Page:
I think that two tank landing ships were involved—the "Empire Glow" and the "Striker". I am prepared to believe that, by a stroke of luck, there were tank landing ships in Bahrain, but here are reports which do not suggest that the Prime Minister was lucky. In this particular week not only were the ships there but lots of tanks as well. These are fortuitous happenings which, on investigation, do not stand up.

The matter is clear if one examines it. I learned my geography the hard way. I know the distance from Basra to Bagdad because I have walked it. I know that one cannot fly from Cyprus to Bahrain unless one over-flies Turkey and Iran. I was pretty sure that these Beverleys, with their very high payloads which fall sharply if one asks them for too much, did not fly round the corner but over Saudi Arabia. I put down a Question asking for the time and dare on which permission was given by the Iranian and Saudi Governments to fly over their territory.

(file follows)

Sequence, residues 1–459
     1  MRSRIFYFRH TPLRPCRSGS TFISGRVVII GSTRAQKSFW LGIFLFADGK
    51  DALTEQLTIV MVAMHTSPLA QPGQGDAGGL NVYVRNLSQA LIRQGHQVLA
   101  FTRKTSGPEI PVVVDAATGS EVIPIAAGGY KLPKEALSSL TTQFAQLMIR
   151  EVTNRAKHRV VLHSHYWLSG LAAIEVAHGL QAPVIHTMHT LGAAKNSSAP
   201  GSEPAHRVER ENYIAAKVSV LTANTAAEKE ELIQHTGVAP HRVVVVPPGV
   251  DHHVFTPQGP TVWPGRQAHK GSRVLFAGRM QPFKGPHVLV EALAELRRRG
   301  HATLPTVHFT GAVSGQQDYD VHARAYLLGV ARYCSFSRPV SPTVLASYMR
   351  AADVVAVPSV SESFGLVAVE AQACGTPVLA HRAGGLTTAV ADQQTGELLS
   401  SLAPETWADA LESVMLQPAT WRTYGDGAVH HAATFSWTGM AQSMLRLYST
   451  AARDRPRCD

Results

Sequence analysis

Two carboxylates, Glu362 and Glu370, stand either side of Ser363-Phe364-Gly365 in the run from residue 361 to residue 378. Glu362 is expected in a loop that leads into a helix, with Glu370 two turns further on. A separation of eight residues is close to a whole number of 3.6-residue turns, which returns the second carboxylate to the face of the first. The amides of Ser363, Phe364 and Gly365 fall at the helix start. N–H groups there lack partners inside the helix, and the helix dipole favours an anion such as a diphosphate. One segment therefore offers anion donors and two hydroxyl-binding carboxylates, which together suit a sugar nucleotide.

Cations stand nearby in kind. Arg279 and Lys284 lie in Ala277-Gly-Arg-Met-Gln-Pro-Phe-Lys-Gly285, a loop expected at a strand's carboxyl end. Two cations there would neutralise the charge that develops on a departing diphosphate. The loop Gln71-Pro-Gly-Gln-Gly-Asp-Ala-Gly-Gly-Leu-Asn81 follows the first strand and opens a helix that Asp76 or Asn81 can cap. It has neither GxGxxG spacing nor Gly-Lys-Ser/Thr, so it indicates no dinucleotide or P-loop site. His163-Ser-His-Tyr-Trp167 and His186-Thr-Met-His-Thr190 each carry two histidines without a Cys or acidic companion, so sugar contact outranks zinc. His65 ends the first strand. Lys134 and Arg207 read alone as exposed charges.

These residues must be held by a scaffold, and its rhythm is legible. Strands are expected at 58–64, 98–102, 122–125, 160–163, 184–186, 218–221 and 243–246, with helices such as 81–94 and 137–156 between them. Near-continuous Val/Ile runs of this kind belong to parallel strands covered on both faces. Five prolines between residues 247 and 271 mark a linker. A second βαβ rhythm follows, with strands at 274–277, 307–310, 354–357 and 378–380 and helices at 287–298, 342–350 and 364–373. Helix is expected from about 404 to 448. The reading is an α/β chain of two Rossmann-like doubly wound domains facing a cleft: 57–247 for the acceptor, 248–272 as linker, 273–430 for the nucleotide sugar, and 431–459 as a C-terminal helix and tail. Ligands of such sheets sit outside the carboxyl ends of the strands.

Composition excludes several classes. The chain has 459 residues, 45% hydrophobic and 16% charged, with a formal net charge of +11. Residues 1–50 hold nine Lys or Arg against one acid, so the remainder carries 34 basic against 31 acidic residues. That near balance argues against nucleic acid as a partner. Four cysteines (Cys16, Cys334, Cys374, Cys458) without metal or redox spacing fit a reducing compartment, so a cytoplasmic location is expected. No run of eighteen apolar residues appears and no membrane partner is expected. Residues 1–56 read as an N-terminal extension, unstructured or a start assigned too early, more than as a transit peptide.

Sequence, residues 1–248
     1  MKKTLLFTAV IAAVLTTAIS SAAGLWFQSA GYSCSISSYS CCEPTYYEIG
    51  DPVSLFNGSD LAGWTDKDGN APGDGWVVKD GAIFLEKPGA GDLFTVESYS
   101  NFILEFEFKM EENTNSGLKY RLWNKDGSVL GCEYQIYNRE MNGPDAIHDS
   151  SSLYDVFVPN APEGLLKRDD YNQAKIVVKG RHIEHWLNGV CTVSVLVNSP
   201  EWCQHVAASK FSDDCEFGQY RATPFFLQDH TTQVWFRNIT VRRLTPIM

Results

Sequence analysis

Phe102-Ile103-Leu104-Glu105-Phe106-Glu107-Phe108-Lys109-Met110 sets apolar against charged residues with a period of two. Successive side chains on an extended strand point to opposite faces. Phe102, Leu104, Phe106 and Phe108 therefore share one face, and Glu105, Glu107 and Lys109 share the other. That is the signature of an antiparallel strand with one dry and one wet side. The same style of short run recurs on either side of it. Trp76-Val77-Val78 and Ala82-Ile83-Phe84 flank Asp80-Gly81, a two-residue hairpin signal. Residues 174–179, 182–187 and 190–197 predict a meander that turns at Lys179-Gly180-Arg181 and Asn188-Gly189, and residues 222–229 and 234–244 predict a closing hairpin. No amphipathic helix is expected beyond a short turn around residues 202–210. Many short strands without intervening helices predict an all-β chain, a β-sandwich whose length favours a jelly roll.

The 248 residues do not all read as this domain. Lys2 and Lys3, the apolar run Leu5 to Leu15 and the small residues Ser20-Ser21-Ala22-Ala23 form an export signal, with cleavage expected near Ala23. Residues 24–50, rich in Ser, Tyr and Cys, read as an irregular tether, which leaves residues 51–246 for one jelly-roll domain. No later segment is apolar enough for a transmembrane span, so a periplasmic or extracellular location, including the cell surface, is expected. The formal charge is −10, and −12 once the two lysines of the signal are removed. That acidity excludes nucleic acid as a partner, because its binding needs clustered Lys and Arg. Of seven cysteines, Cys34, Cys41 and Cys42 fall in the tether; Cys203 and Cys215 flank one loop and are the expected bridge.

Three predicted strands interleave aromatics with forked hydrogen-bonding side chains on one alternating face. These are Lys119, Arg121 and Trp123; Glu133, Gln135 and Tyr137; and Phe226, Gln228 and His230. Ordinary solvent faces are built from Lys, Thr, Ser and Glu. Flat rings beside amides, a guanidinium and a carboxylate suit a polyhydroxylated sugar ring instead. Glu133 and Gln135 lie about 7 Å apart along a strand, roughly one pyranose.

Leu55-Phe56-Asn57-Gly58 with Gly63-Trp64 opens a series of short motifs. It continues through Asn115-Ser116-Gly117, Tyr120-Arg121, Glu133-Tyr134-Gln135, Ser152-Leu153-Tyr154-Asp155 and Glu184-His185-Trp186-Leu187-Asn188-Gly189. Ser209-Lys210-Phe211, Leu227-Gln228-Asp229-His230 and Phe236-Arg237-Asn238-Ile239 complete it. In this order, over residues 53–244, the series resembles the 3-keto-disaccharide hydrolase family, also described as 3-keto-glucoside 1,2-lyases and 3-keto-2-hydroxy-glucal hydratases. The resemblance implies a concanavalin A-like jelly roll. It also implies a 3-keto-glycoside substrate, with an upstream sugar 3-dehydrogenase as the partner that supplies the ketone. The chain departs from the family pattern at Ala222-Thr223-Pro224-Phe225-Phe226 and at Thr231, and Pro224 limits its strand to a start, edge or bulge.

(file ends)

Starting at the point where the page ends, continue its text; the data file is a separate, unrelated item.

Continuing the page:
In the case of Iran, I am quite prepared to believe that permission was given, because we are on close and cordial terms with the Iranians. But we have had no relations with Saudi Arabia since Suez. I believe, however, that the Beverleys over-flew Saudi territory. Again, this matter had a chequered history. My Question was passed to the Foreign Office. The Answer was "No". Yet I would have thought that, if everything had been straight and above board, the Government would not have been afraid to answer.

I also asked for the times and dates of sailing of the "Bulwark" from Karachi and of the Centurions from Aden. I was told that it would not be in the public interest to give that information about the Centurions, but the Government gave me the information about the "Bulwark"—because I could have got it from Lloyds, and they could not very well withhold it from me.